John William Godward
Godward was a Victorian Neo-classicist, and therefore a follower in theory of Frederic Leighton. However, he is more closely allied stylistically to Sir Lawrence Alma-Tadema, with whom he shared a penchant for the rendering of Classical architecture, in particular, static landscape features constructed from marble.
The vast majority of Godward's extant images feature women in Classical dress, posed against these landscape features, though there are some semi-nude and fully nude figures included in his oeuvre (a notable example being In The Tepidarium (1913), a title shared with a controversial Alma-Tadema painting of the same subject that resides in the Lady Lever Art Gallery). The titles reflect Godward's source of inspiration: Classical civilisation, most notably that of Ancient Rome (again a subject binding Godward closely to Alma-Tadema artistically), though Ancient Greece sometimes features, thus providing artistic ties, albeit of a more limited extent, with Leighton.
Given that Classical scholarship was more widespread among the potential audience for his paintings during his lifetime than in the present day, meticulous research of detail was important in order to attain a standing as an artist in this genre. Alma-Tadema was, as well as a painter, an archaeologist who attended historical sites and collected artefacts that were later used in his paintings: Godward, too, studied such details as architecture and dress, in order to ensure that his works bore the stamp of authenticity. In addition, Godward painstakingly and meticulously rendered those other important features in his paintings, animal skins (the paintings Noon Day Rest (1910) and A Cool Retreat (1910) contain superb examples of such rendition) and wild flowers (Nerissa (1906), illustrated above, and Summer Flowers (1903) are again excellent examples of this).
The appearance of beautiful women in studied poses in so many of Godward's canvases causes many newcomers to his works to categorise him mistakenly as being Pre-Raphaelite, particularly as his palette is often a vibrantly colourful one. However, the choice of subject matter (ancient civilisation versus, for example, Arthurian legend) is more properly that of the Victorian Neoclassicist: however, it is appropriate to comment that in common with numerous painters contemporary with him, Godward was a 'High Victorian Dreamer', producing beautiful images of a world which, it must be said, was idealised and romanticised, and which in the case of both Godward and Alma-Tadema came to be criticised as a world-view of 'Victorians in togas'. Related Paintings of John William Godward :. | New Perfume | Campaspe | Yes or No | The Mirror | Blossoming Red Almond |
Related Artists:Dirk van der Aa
Dirk van der Aa , 1731 -- February 23, 1809.
He was born in The Hague, and first apprenticed to Johann Heinrich Keller, and then to Gerrit Mes with whom he would later start a workshop; they specialized in grisaille decorative paintings. He counted Evert Morel, Cornelis Kuipers, Johan Christiaan Roedig and Andries van der Aa amongst his students. He died in his home city of The Hague.Frederic Auguste Bartholdi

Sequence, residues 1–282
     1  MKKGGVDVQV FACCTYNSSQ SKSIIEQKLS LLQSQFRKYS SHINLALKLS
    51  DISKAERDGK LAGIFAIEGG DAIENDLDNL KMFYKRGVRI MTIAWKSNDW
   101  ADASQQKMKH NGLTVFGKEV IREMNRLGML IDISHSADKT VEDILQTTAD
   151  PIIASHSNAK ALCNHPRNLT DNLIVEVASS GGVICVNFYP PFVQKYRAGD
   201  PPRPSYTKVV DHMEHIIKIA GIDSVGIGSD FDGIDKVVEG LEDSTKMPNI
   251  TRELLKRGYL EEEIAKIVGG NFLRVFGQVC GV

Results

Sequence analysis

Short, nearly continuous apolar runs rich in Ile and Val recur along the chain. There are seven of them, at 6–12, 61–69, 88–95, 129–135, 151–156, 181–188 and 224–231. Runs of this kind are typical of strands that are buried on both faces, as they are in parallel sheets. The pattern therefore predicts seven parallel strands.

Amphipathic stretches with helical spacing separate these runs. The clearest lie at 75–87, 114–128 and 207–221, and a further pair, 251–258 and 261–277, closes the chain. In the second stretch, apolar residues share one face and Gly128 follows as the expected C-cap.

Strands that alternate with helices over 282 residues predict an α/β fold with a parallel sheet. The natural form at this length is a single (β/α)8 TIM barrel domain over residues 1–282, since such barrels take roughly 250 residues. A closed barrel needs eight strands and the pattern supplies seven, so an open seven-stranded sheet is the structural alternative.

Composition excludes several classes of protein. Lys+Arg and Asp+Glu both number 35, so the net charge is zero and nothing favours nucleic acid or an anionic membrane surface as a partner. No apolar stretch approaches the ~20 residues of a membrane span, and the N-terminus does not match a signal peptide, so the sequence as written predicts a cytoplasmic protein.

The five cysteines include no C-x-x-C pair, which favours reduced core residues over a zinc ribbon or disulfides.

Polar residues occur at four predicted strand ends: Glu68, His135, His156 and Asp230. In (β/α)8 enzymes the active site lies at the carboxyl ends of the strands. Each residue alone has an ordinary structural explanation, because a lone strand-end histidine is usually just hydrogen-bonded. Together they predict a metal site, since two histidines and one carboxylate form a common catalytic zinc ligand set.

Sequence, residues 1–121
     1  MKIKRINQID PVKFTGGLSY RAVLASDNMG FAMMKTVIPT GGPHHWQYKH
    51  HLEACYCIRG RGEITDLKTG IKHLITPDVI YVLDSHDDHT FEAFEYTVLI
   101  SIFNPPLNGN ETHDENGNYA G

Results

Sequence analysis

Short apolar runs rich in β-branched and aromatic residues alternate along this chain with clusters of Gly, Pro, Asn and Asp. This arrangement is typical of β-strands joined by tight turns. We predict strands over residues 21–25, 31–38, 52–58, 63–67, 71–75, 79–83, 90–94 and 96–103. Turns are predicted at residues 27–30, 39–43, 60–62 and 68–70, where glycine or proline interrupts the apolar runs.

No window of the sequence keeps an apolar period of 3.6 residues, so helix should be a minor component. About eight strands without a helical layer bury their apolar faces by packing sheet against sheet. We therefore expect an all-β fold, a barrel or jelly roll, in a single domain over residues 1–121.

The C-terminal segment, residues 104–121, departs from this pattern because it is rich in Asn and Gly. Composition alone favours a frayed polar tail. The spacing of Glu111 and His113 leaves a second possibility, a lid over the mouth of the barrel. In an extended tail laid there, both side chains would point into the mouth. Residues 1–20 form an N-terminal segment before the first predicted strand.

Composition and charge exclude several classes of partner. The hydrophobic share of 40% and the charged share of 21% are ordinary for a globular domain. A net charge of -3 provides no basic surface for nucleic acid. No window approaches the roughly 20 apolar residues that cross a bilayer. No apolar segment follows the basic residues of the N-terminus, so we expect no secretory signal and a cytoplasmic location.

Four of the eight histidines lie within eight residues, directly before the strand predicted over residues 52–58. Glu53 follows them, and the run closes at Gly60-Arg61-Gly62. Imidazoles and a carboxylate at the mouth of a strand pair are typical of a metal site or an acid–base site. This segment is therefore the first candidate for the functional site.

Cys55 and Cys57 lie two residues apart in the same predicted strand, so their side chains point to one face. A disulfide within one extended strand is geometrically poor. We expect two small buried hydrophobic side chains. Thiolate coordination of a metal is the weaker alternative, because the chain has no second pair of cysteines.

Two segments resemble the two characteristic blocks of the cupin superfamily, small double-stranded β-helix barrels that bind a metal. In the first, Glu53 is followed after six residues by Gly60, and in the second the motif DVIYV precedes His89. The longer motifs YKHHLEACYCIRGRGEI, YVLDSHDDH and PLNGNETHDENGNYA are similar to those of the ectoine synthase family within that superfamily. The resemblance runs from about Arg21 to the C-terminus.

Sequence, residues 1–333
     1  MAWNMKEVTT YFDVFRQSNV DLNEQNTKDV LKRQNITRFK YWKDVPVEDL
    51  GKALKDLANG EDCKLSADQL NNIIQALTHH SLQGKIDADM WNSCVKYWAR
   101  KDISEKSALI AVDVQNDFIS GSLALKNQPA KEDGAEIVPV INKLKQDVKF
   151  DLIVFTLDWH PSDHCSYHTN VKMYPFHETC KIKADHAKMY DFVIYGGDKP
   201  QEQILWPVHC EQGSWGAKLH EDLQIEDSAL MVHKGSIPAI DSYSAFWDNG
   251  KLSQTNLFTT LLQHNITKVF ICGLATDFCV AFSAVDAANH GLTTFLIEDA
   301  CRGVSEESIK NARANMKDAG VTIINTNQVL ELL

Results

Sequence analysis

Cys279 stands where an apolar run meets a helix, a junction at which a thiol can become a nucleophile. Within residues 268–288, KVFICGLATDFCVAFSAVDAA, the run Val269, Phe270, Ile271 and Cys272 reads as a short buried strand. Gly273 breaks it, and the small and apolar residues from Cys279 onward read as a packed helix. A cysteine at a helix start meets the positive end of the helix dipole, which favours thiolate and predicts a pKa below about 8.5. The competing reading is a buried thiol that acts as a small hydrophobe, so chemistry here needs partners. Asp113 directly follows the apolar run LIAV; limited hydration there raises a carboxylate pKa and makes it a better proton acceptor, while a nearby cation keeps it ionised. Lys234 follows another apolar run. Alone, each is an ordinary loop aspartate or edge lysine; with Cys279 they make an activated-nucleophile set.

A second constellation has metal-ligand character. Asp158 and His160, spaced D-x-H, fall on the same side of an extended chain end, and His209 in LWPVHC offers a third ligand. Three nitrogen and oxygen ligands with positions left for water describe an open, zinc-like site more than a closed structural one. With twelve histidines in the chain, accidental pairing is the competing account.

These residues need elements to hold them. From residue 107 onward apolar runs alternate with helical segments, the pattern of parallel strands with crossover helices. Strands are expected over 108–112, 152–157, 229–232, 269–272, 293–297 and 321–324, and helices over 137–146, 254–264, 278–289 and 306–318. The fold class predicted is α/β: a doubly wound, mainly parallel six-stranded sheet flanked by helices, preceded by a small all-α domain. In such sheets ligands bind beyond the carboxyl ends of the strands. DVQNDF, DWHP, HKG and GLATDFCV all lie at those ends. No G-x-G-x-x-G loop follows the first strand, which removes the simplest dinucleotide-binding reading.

French Sculptor, 1834-1904,was a French sculptor. He is also known as Amilcar Hasenfratz, a pseudonym used for his paintings of Egyptian subjects, apparently because of concern that his work in another medium would distract from his sculpture. Born in Colmar, Alsace, Bartholdi went to Paris to further his studies in architecture as well as painting. Then he made a long trip to Egypt and Yemen, where he heard about the Suez project. He came back to his native city to become an architect. Bartholdi was a freemason, he was initiated on October 14, 1875 in the lodge LeAlsace-Lorraine, Grand Orient of France.CIMA da Conegliano
Italian Painter, ca.1459-1517
Italian painter. He belonged to the generation between Giovanni Bellini and Giorgione and was one of the leading painters of early Renaissance Venice. His major works, several of which are signed, are almost all church altarpieces, usually depicting the Virgin and Child enthroned with saints; he also produced a large number of smaller half-length Madonnas. His autograph paintings are executed with great sensitivity and consummate craftsmanship. Fundamental to his artistic formation was the style that Bellini had evolved by the 1470s and 1480s; other important influences were Antonello da Messina and Alvise Vivarini. Although Cima was always capable of modest innovation, his style did not undergo any radical alteration during a career of some 30 years, and his response to the growing taste for Giorgionesque works from the early 16th century remained superficial. He seems to have maintained a sizeable workshop,